On Sun, Oct 19, 2014 at 10:13 PM, meekerdb <meeke...@verizon.net> wrote:

> On 10/19/2014 8:12 AM, Jason Resch wrote:
>
>> I don't recall Bruno ever csaying if you don't believe in something then
>> you believe in it.
>>
>> What he's said is that atheists defend/support/reinforce the same
>> idea/conception of god that the literalist or fundamentalist abrahamic
>> religions use.
>>
>> Atheists can't say there is no God without defining what they mean by
>> God,
>>
>
> Yeah, they tend to be rational like that.
>

It's not raining so it never rains. There are no such things as
sophisticated French subtleties like humidity, cloudy with chance of
showers, the isolated drops before a possible light shower and such modal
nonsense, and their definitely, positively, ABSOLUTELY is no such thing as
fog or romantic notions like mist. Rain or Sunshine. Clarity, ok?

Weather unclear or unpredictable, please... I knew that before I was
twelve.


>
>  and invariably they choose some variant of an omniscient omnipotent
>> creator who answers prayers and judges us, rather than any of the myriad of
>> other conceptions of god.
>>
>
> Maybe it's because they speak the same language and that's what "theism"
> means.
>

Yes! Or maybe not. More precision and maybe not.


>
>  In this way, atheists pretend there is only one acceptable definition and
>> will usually fight to say that it is only definition, or the one everyone
>> means,  or believe the one all believers believe in.
>>
>> That's a perfect case of defending the idea of what God is or can be,
>> even if it is only to then attack the idea. Honest theistic reasoning would
>> use logic to say,  "okay perhaps God cannot be this, but we have not ruled
>> out these other possibilities which are as far as we know not
>> inconsistent",
>>
>
> Other possibilities for *what*?  What is the thing?  What are its
> essential properties?


Pure awesomeness. The collection of all awesomeness, everywhere at all
times/histories + its side effects, but ask your doctor, shaman, lawyer,
and accountant for possible bogosity.


> What is its definition?


Let "it" be a "thing".

Done.

Q.E.D.


>   They start with a word, a few attributes, and an emotional attitude and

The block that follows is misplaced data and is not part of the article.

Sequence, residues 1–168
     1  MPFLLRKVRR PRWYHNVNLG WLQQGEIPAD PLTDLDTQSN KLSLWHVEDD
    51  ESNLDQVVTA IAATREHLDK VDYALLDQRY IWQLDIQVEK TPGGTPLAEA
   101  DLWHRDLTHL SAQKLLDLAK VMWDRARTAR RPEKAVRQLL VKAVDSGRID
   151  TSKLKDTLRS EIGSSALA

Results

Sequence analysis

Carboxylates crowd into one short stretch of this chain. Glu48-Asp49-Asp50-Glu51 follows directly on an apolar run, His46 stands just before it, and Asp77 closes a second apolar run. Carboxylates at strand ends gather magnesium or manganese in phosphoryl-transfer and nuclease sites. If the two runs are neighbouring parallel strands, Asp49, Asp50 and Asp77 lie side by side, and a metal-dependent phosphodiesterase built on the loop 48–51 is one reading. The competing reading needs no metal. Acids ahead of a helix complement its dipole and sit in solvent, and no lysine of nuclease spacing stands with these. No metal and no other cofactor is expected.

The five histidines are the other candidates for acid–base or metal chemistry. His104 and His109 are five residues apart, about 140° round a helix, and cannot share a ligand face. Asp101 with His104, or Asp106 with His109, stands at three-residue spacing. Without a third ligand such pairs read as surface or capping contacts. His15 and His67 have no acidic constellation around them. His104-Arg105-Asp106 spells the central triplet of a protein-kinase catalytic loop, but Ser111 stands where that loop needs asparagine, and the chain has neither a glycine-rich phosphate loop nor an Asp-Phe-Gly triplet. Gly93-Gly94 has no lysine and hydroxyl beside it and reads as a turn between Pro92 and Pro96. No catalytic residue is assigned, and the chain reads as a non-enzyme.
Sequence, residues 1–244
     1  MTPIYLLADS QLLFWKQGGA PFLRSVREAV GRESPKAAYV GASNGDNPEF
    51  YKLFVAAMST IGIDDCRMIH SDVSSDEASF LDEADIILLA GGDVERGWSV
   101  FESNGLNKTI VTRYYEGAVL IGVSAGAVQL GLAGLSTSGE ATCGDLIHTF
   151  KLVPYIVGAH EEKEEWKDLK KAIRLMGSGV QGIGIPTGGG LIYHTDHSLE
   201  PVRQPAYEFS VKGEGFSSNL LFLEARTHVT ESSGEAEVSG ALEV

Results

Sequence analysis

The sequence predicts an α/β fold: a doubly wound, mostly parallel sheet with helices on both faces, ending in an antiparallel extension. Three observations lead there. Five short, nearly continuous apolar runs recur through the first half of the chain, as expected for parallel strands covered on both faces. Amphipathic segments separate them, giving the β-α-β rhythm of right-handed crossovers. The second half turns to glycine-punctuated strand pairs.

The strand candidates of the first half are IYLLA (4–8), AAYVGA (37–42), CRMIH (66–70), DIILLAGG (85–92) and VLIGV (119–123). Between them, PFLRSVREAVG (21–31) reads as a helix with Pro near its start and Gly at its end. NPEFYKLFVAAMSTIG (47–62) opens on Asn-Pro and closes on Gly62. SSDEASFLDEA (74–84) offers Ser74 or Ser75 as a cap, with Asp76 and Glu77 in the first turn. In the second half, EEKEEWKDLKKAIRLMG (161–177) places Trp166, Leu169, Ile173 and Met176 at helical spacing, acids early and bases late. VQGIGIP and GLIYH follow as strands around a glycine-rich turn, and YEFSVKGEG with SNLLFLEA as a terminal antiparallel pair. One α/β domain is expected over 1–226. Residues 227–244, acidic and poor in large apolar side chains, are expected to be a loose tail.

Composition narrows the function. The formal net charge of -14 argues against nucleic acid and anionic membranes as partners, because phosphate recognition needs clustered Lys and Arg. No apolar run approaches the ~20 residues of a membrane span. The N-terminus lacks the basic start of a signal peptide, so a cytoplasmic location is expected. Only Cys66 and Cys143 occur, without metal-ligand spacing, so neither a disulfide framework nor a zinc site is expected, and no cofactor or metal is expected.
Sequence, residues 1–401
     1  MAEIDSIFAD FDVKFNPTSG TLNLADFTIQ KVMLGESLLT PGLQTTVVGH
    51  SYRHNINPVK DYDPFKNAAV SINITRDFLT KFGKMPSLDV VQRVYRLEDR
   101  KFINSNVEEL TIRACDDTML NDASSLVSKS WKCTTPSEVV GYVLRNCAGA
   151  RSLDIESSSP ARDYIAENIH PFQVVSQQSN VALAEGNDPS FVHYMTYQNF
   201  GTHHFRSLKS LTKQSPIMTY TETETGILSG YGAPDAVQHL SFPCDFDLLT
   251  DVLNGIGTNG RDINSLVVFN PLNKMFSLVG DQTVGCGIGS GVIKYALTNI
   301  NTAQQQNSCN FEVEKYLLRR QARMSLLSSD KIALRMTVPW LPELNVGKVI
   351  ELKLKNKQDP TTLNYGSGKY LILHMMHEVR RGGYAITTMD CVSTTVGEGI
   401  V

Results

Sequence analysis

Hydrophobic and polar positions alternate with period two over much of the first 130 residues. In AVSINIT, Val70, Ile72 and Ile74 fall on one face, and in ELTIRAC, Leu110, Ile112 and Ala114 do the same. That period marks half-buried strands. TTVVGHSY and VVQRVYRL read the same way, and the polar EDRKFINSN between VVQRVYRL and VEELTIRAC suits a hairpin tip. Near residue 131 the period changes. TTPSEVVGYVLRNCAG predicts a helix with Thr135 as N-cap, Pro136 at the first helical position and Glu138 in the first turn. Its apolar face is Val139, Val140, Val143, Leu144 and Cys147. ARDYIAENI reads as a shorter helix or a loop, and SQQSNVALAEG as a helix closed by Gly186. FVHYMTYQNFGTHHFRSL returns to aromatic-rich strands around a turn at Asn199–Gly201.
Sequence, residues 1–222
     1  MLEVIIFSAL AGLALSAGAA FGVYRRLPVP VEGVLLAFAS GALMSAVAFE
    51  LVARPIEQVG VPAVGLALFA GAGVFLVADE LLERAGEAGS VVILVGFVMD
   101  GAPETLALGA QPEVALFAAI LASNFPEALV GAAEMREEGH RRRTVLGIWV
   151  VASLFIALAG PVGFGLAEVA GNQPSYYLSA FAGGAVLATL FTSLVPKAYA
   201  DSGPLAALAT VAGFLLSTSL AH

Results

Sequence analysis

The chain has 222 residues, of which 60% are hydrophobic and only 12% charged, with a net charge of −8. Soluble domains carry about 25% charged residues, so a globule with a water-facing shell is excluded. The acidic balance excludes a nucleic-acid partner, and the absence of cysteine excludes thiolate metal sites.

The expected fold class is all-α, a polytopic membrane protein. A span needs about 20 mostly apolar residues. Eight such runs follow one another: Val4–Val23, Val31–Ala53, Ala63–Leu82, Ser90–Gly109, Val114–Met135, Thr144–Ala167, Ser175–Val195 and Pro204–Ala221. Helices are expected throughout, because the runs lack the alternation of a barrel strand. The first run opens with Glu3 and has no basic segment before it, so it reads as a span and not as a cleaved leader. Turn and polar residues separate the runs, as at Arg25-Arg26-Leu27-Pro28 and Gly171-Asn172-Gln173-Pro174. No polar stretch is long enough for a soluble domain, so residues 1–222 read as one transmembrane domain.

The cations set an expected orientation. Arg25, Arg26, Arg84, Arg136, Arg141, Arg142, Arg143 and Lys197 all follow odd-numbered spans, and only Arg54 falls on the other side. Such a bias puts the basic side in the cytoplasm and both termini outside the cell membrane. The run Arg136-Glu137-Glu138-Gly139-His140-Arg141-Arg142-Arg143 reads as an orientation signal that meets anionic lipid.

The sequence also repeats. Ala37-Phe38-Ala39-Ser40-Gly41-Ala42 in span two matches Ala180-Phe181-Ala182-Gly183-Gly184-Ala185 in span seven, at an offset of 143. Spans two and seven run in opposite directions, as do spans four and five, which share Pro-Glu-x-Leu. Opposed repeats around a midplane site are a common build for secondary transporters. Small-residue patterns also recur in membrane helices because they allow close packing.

> they seek a definition they can attach them to.  Which would be OK, except
> they insist that the word "God", which already has millenia of baggage,
> must apply.  That's my complaint with Bruno.  He explicitly renounces all
> that baggage, but he still wants to use the word "God".
>

Because it could be "that thing" in the lost baggage. I hate losing my
luggage, so I can relate to Bruno, because I don't care about Samsonite but
about the awesomeness I had prepared in it. Buying clothes is a drag.


>
>  rather than "we have ruled out this definition of god, and it is the only
>> definition, therefore there is no god"
>>
>
> Yes, that's exactly the approach taken by theologians.  First they take a
> word "God" and then they see if they can give it some meaning that makes
> them feel good.  But notice that they capitalize it already, implying it is
> a person.


No, it's the fresh "thing". We don't know what it is, but we know it
sometimes when we see it. And when we think we know that, we become dumb.


>   "Honest theistic reasoning" is like "faith based evidence".
>
> Brent
> The political discourse matters, and explains a good deal. But
> there's something beneath it, something we don't want to look in
> the face: namely, that in India, as elsewhere in our darkening
> world, religion is the poison in the blood. Where religion
> intervenes, mere innocence is no excuse. Yet we go on skating
> around this issue, speaking of religion in the fashionable
> language of "respect". What is there to respect in any of this,
> or in any of the crimes now being committed almost daily around
> the world in religion's dreaded name? How well, with what fatal
> results, religion erects totems, and how willing we are to kill
> for them! And when we've done it often enough, the deadening of
> affect that results makes it easier to do it again. So India's
> problem turns out to be the world's problem. What happened in
> India has happened in God's name. The problem's name is God.
>       --- Salman Rushdie 2002


Well, uhmm that's just like your... religion opinion... man. PGC

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